3. Appendix 3: samples of some excellent responses from last year. WARNING: these samples are NOT templates; indeed, there are many possible ways to respond to the assessment questions and you should find your own path. These samples are simply to give some idea of what I’ve found compelling in the past.

Part 1: Estoppel (10 marks: 4 for reasoning and 6 for evidence/support)

Introduction to your argument:
In addition to their contract, Susie sent an email to Phoebe with the following text: ‘It is the policy of Nexus that there will only ever be
one shop of any particular kind/use in any of its Shopping Plazas. It is in our own interest that the business of our tenants is fully protected at all times. Tenants need not have any fears on this score.’ These statements comprise promises that create an estoppel.

Part 1: Estoppel
Introduction to your argument:
In addition to their contract, Susie sent an email to Phoe be with the following text: ‘It is the policy of Nexus that there will only ever be one shop of any particular kind/use in any of its Shopping Plazas. It is in our own interest that the business of our tenants is fully protected at all times. Tenants need not have any fears on this score.’ These statements comprise promises that create an estoppel.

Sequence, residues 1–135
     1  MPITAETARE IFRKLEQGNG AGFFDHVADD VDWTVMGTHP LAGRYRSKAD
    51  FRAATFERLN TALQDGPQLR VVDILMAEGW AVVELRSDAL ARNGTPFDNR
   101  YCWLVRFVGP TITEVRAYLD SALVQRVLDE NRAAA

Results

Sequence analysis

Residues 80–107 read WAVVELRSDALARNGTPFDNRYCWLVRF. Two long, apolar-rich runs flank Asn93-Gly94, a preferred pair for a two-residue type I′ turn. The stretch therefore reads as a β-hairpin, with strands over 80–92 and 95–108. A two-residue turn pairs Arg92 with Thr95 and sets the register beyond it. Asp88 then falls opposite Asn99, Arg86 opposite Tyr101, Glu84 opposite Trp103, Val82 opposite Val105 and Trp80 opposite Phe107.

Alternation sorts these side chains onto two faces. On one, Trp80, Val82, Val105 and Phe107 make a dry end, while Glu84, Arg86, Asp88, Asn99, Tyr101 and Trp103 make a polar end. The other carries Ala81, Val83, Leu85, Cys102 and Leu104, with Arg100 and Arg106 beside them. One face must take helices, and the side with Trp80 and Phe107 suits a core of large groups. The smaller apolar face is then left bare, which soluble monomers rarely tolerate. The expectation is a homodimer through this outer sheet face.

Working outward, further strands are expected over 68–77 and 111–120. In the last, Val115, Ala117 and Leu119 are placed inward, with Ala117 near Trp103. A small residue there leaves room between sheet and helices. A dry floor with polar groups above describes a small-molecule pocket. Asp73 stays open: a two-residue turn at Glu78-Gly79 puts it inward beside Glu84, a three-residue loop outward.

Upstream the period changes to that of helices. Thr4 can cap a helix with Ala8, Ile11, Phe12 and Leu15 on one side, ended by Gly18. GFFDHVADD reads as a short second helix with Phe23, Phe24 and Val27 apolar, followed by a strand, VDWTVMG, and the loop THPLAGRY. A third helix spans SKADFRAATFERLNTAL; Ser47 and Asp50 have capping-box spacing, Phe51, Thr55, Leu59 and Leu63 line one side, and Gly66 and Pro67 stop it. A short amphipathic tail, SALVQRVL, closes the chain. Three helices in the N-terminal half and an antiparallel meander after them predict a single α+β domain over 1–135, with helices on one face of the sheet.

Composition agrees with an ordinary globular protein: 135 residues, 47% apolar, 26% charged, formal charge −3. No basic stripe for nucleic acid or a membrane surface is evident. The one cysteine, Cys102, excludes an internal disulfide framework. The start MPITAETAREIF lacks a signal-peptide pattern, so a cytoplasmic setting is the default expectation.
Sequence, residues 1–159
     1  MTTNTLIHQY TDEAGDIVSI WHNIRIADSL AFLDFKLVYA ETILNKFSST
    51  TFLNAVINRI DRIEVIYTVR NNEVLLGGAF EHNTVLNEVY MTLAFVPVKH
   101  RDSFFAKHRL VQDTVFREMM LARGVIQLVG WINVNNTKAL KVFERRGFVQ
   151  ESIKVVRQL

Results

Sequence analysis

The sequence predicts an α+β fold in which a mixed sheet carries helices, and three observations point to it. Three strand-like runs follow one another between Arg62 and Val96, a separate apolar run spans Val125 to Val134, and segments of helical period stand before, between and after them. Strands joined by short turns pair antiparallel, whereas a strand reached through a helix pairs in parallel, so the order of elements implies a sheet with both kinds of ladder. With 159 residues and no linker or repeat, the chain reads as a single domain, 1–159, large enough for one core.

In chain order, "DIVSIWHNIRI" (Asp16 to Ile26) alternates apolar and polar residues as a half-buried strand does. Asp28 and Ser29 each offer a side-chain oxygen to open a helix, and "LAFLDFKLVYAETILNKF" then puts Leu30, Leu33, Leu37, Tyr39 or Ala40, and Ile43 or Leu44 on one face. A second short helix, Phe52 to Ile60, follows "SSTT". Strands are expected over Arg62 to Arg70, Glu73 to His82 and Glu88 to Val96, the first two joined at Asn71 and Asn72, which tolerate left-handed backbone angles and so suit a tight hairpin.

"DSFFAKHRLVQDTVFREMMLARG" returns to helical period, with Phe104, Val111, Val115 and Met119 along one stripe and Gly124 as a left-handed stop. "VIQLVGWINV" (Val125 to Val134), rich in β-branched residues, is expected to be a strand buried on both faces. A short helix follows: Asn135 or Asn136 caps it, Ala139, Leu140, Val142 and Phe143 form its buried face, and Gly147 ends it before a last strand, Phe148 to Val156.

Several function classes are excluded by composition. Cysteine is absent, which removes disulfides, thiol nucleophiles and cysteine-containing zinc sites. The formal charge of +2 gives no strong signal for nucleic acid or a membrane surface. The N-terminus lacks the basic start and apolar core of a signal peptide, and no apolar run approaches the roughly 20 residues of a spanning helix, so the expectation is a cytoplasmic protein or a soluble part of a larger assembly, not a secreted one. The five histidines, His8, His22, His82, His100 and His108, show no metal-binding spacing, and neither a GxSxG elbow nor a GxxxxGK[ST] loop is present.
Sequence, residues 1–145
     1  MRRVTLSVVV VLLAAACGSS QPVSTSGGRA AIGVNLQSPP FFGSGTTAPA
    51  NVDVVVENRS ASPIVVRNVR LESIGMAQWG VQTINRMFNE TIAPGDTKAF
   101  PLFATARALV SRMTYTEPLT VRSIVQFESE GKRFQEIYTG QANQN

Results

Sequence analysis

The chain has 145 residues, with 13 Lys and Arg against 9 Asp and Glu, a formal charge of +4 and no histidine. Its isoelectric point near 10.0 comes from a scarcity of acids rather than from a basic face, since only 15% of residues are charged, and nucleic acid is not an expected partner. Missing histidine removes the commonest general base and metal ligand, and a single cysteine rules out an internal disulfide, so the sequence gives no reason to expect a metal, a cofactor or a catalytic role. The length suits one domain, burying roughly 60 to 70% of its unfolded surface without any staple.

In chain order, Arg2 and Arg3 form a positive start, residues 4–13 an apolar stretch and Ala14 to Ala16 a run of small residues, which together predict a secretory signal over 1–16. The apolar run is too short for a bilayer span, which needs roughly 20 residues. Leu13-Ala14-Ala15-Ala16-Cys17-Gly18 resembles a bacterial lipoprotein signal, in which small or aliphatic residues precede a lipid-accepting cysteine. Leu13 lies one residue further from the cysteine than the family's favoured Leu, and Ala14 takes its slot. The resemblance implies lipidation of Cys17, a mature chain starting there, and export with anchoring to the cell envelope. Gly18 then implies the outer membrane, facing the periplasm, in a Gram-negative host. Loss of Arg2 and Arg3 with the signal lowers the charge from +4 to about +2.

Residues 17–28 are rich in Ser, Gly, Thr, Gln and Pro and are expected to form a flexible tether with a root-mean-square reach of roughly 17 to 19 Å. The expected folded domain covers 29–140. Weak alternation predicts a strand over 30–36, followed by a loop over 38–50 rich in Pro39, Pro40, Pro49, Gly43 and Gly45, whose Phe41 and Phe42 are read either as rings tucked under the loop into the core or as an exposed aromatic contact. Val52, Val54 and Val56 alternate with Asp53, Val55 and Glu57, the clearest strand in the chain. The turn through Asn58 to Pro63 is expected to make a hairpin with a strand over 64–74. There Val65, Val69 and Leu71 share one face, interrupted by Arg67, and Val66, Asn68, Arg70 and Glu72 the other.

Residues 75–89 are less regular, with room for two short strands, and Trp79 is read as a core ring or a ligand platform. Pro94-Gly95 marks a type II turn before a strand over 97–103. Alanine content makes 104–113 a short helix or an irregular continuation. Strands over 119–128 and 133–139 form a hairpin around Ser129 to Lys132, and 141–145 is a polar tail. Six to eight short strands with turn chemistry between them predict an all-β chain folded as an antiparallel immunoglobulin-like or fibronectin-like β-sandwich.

Conclusion: The estoppel created by these promises means that Susie cannot now deny the promises and must therefore shut down the new sportswear shop that opened in Valentine Plaza.

Part 2: Interpretation
Introduction to your argument: The ‘informal agreement’ states that the ‘contract will terminate’ if ‘Harold Grimes chooses for any reason to stop working’. The most reasonable interpretation of the phrase ‘chooses for any reason to stop working’ is that Harold was required to make a proactive, definitive choice that he communicated to Phoebe.